KIT is detected in a variety of cells, also in acute leukemia. Inhibition of wild-type KIT is not always satisfactory. The aim of this work was to evaluate the frequency of the most common KIT mutations in acute myeloid leukemia (AML) and determine the correlation between mutation and expression level. Samples were obtained from 75 patients with AL. CD117 presence was shown in 45 of 51 patients with AML and in 1 of 16 patients with acute lymphocytic leukemia (ALL). Asp816Val mutation was found in 3.5% of cases of AML and Val560Gly mutation in 1 sample with acute biclonal leukemia. Other genetic changes were found in 15 of 57 samples with AML: polymorphisms Met541Leu in 14% of cases, Lys546Lys in 7% and 1 case of acute biclonal leukemia, Ile798Ile in 5.3% of cases, Met541Leu in 1 acute biphenotypic leukemia and in 6.3% of ALL. Polymorphism Lys546Lys was also shown in 1 case of acute biclonal leukemia. Nonsilent genetic changes were detected in a total of 23% cases with core binding factor leukemia. There was no statistical significance between KIT expression and genetic changes. There was no correlation between the incidence and types of KIT mutations and its expression on cells in AML.

Copyright / Drug Dosage / Disclaimer
Copyright: All rights reserved. No part of this publication may be translated into other languages, reproduced or utilized in any form or by any means, electronic or mechanical, including photocopying, recording, microcopying, or by any information storage and retrieval system, without permission in writing from the publisher.
Drug Dosage: The authors and the publisher have exerted every effort to ensure that drug selection and dosage set forth in this text are in accord with current recommendations and practice at the time of publication. However, in view of ongoing research, changes in government regulations, and the constant flow of information relating to drug therapy and drug reactions, the reader is urged to check the package insert for each drug for any changes in indications and dosage and for added warnings and precautions. This is particularly important when the recommended agent is a new and/or infrequently employed drug.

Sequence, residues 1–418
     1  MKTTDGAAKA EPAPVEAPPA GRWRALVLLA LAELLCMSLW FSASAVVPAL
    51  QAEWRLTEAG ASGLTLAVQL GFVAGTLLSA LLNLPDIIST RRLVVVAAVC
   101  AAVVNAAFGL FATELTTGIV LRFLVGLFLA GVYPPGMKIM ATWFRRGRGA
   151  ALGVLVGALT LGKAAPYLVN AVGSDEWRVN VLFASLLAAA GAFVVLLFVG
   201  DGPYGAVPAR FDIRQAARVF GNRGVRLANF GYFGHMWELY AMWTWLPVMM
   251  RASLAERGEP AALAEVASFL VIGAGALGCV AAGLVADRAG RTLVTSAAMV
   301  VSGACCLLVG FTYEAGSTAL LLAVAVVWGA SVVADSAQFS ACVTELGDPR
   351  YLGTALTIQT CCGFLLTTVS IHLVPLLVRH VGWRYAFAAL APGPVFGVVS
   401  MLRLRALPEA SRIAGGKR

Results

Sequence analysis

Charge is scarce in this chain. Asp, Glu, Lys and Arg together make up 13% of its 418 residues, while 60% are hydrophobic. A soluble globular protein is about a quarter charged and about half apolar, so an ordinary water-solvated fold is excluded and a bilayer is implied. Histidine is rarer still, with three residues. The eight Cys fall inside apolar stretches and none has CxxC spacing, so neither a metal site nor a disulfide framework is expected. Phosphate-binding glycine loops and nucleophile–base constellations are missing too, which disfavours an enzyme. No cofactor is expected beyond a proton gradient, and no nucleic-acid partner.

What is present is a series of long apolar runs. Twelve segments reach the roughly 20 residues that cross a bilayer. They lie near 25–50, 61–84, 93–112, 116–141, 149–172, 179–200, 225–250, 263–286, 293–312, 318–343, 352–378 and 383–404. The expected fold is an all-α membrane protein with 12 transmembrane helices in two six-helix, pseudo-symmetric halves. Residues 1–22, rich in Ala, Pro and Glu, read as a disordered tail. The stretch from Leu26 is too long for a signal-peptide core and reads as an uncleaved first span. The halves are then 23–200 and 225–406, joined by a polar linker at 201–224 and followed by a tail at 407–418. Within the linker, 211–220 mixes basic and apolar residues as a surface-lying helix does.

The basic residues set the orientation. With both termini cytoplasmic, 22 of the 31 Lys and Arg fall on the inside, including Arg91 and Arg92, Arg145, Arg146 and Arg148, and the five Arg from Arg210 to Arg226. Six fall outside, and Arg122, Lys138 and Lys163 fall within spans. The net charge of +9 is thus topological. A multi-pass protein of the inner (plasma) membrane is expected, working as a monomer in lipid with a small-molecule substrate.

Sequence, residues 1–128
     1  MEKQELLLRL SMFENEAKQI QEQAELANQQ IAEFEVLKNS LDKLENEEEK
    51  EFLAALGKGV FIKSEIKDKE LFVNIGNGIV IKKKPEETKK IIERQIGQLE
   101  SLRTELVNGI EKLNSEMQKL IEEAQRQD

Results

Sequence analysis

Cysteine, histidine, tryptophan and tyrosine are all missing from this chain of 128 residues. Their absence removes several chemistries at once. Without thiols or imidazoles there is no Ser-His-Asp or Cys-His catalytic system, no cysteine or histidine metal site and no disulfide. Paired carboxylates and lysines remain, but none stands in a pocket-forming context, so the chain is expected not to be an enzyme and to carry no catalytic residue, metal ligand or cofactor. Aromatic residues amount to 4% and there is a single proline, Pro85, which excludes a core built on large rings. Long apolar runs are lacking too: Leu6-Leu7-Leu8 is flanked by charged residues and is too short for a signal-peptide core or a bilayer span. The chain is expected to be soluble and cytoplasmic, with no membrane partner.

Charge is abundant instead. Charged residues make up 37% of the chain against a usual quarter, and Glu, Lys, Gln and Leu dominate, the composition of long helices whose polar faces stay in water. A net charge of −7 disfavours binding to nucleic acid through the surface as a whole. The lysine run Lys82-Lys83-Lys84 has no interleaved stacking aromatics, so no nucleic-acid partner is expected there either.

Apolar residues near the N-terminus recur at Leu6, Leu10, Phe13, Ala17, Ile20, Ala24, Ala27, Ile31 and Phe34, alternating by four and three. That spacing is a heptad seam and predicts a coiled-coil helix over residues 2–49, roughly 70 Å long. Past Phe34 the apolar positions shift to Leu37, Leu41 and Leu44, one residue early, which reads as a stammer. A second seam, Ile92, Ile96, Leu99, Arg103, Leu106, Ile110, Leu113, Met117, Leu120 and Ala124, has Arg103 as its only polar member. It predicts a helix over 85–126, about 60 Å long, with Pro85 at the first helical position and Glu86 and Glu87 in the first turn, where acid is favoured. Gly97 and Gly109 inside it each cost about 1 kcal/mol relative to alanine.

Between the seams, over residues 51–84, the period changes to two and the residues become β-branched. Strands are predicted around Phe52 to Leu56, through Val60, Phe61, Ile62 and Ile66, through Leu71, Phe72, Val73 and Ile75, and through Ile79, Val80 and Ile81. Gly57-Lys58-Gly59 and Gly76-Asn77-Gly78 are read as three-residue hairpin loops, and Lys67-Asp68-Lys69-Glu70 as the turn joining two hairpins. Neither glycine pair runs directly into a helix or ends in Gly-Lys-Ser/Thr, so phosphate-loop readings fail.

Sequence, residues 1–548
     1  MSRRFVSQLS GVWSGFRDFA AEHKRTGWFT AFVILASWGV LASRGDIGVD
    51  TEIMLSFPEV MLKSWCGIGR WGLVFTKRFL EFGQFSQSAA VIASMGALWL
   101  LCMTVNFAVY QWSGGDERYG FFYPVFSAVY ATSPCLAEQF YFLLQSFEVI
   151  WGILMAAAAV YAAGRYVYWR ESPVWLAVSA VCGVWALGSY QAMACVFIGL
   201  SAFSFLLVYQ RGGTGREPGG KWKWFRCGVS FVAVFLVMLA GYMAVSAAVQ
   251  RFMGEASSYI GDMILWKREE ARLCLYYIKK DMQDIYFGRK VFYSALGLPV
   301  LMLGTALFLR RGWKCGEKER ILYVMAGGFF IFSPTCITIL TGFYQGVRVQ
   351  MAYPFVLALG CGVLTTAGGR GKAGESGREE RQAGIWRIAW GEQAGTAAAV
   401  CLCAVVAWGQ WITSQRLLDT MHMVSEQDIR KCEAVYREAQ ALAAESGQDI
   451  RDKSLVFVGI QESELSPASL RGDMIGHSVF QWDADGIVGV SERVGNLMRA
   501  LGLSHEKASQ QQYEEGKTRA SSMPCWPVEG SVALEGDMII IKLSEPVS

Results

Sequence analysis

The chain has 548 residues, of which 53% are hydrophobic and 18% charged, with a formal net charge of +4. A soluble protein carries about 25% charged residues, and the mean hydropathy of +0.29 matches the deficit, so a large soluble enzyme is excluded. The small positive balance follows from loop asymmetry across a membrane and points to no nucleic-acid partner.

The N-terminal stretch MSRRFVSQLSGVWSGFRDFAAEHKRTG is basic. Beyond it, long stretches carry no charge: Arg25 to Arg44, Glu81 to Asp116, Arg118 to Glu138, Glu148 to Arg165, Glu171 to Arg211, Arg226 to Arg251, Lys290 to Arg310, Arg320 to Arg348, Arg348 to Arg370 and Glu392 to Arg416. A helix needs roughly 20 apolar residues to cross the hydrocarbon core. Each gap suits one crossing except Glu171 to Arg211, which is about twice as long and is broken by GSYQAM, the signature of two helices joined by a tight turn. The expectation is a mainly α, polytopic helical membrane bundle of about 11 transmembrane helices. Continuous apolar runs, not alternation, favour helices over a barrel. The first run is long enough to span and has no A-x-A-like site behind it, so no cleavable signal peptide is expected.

Disclaimer: The statements, opinions and data contained in this publication are solely those of the individual authors and contributors and not of the publishers and the editor(s). The appearance of advertisements or/and product references in the publication is not a warranty, endorsement, or approval of the products or services advertised or of their effectiveness, quality or safety. The publisher and the editor(s) disclaim responsibility for any injury to persons or property resulting from any ideas, methods, instructions or products referred to in the content or advertisements.
You do not currently have access to this content.